Olivia Munn Speaks Out After Hacker ‘Zoom-Bombed’ Her AAPI Gathering With Racist Images

·2 min read
Getty Images
Getty Images

Olivia Munn has spoken out after a virtual Asian American and Pacific Islanders (AAPI) seminar she hosted on Monday was the subject of a racist attack.

The purpose of the online meeting was for Munn—along with the National Asian Pacific American Women’s Forum and Asian American beauty brand Cocokind—to address the prejudice and violence faced by the AAPI community. During the conversation, they were “Zoom-bombed” when an anonymous web user joined the webinar and spammed it with anti-Asian images.

The actress, who recently welcomed a child with comedian John Mulaney, condemned the cyber attack in a statement posted to her Instagram page.

“Today while hosting a gathering of AAPI women and allies in a conversation about how to stop anti-Asian hate, we were targeted by a zoom bombing of horrific, violent, racially charged images and audio,” Munn wrote. “While it momentarily disrupted our event, we later resumed because these malicious acts will not stop the conversation.”

The National Asian Pacific American Women’s Forum and Cocokind also shared Munn’s statement, adding that they plan to report the incident to the FBI.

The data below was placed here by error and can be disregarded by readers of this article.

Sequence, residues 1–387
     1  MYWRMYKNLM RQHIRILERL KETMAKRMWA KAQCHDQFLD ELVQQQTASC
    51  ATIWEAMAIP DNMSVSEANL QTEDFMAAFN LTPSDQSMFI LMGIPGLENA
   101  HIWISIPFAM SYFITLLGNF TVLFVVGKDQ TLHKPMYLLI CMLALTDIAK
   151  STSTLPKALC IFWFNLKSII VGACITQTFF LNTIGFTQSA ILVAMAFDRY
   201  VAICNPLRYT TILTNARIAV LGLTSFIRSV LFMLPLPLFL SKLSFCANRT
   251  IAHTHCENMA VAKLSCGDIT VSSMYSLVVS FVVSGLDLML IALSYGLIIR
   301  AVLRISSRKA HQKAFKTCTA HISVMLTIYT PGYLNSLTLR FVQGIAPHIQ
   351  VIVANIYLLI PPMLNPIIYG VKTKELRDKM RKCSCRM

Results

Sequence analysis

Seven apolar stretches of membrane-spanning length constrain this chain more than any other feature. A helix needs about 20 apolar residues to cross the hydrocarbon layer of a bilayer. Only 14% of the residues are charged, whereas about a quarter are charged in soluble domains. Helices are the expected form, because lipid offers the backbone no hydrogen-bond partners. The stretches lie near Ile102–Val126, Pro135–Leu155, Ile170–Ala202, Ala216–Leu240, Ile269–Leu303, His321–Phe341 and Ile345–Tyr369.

Munn was emphatic that these kinds of hateful acts will not prevent her and her peers from fighting to end anti-Asian racism. “We were communing to celebrate, elevate, and protect the AAPI community, and we were subjected to a hate crime in real-time. It was a cowardly and unconscionable act,” she continued. “But to be clear, the conversation WILL go on… Cheap tactics like these won’t stop our quest for equality, equity, and to stop Asian hate.”

This Zoom-bombing episode is just the latest in a steadily rising number of racist acts and hate crimes against the Asian American community, spurred by the COVID-19 pandemic. Munn has long been outspoken about condemning such violence; last February, she posted an impassioned call to action.

“To simply exist as a minority in this country is seen as a protest to some,” Munn said at the time. “We need help amplifying the outrage. We need help to feel safe in our country. We need help to be safe in our country.”

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